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India’s obsession with gold is both an age-old tradition and a relatively new phenomenon. On the one hand, gold has very much been a part of Indian culture for hundreds of years, but at the macroeconomic level, India’s imports of gold only really took off once liberalisation happened. One of the reasons for this has to do with the fact that there are only 5 reporting mines of gold ore in the country as of 2016-17. For a country who’s demand for gold is as high as ours, the needs just cannot be met domestically.

Where does this obsession come from? Historically speaking there are a number of different explanations. The jewelry of the Mughals was something that was admired both by Indians and by the West. Today there are a whole host of pieces of jewelry that belonged to the rulers of India during the late middle ages and the early modern period that sit in museums in London, New York, etc.

These are pieces of immense value and represent one aspect of Indian culture. The rest of the country, largely poor and uneducated for much of the last 500 years, have a different relationship with gold. It has acted as a form of currency through the centuries and this facet of it is what makes it so attractive to so many. Of course, the aesthetic feature plays a part as well. People seem to genuinely like gold. But it has so much more to offer financially.

It can be used as currency, as insurance, and as a hedge against the financial system, for which there is a cultural lack of trust. Western economists argue that India’s hoarding of gold, which by some estimates is valued at anything between $600 and $800 billion, is a huge loss to the Indian economy. We must, however, consider the case of the people who are hoarding such wealth. Gold is primarily worn by women, and in India, it is considered to be their God-given right to possess gold. They are gifted jewelry when they are born, when they get married, and for any other major life events.

The patriarchal structure of India’s society means that gold is one of the few ways by which women can access some degree of financial independence. When the tsunami hit India in 2004, the women who lost their homes, and so much more, were able to begin rebuilding their lives thanks to the jewelry they had saved.

Farmers in India are another group who like the precious metal. Until recently, only a third of all Indians had opened a bank account. Even now, many of the bank accounts opened under the ‘Jan Dhan Yojana’ programme see little to no activity. When the harvest is good, money is used to buy gold. They see this as a better alternative to saving the money in a fixed deposit and in many cases, it can be.

Gold also acts collateral to borrow against when the monsoons aren’t good, which is something that Indian farmers are all but too familiar with.

There are nonetheless issues at the macroeconomic level. Since India has to import most of its gold, its current account balance takes a big hit. There have been times when more than half of our deficit was because of the gold imports.

Since it is mostly just taking up space in the almirah in peoples houses, it is technically not in the economy. This is a loss in terms of investment at the national level. If the gold were to be stored with the banks, then at least it can be made use of.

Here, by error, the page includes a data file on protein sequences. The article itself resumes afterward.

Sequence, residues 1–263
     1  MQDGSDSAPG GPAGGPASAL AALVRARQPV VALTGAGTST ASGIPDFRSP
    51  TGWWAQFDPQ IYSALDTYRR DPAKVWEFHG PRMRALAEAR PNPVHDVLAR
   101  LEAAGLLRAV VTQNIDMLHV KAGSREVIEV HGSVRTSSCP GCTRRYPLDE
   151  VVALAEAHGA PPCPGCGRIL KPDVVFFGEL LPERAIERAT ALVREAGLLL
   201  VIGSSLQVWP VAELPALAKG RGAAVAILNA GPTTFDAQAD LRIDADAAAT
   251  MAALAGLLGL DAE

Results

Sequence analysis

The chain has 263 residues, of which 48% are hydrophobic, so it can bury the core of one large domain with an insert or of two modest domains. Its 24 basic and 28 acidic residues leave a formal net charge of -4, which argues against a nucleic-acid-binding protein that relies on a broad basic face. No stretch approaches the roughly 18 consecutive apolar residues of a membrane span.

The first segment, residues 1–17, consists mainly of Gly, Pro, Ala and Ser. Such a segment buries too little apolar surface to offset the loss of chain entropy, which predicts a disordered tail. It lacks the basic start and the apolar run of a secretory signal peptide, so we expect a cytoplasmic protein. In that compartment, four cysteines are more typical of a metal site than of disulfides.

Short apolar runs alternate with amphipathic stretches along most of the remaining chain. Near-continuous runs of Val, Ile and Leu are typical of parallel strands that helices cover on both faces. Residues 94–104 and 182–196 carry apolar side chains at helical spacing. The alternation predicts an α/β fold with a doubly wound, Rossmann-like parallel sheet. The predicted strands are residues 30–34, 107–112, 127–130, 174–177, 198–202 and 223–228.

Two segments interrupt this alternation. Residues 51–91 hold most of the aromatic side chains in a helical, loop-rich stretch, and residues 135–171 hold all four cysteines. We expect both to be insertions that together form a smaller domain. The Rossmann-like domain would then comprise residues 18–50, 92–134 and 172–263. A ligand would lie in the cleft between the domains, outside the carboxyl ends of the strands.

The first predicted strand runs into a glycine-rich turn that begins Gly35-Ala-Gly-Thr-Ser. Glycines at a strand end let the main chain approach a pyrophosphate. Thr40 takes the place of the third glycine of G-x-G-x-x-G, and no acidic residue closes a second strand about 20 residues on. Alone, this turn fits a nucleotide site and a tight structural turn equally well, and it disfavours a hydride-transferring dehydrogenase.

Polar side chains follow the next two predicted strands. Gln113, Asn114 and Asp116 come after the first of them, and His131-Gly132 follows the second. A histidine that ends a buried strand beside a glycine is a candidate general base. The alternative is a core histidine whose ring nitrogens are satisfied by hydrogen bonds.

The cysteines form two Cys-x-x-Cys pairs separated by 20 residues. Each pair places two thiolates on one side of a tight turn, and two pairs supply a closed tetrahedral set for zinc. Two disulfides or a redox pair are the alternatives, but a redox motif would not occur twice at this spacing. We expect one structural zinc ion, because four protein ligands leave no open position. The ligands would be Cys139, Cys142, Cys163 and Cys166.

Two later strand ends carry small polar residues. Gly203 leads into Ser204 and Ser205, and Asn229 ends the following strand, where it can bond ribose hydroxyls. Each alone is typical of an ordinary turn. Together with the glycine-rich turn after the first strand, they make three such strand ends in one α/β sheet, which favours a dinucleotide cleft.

In 2015 the Government of India launched the ‘Soverign Gold Bond’ which is issued by the RBI. These are certificates which are issued against grams of gold. The prices are determined by a simple average of the closing prices of the last 3 days of the 999 purity gold as determined by the Indian Bullion and Jewelers Association Limited (IBJA).

They have a coupon rate of 2.5% meaning that they pay interest at that rate twice a year, every year until they mature which would be 8 years later. Upon maturity, the gains realised are not taxable under the Long term Capital Gains Tax. The bi-annual earnings, however, are taxable. They have a minimum holding period of 5 years, but if needs be, they can also be sold in the secondary market 14 days after being purchased. Once sold, whatever income earned is taxable.

These instruments offer a reasonable alternative for those who are looking to buy gold merely for financial reasons. There is very little risk involved and they can also be used as collateral when securing a loan. One need not worry about storing them in safe location either. Given that many in this country do indeed buy gold only for its financial capabilities, purchasing a gold bond would serve the macroeconomic needs of the country well. The money raised from these securities will most certainly be used for other purposes.

It is, however, a longer term investment and is not as liquid as purchasing physical gold. That being said, when you do try to sell your gold, you normally get a price that is a little below the market rate, and when you buy, you usually pay a little above, for reasons pertaining to convenience.

The cultural value attached to gold means that it will still be bought and hoarded by many people. It is a part of how Indians handle their finances and is something that may never truly go away, nor does it necessarily have to. Yet if the figures mentioned earlier are true i.e, the total value of gold sitting in peoples houses being between $600 and $800 billion, it would make a discernible difference to the country’s finances if even 10% of that entered the economy.

For feedback and views, write to pavan@bclindia.in

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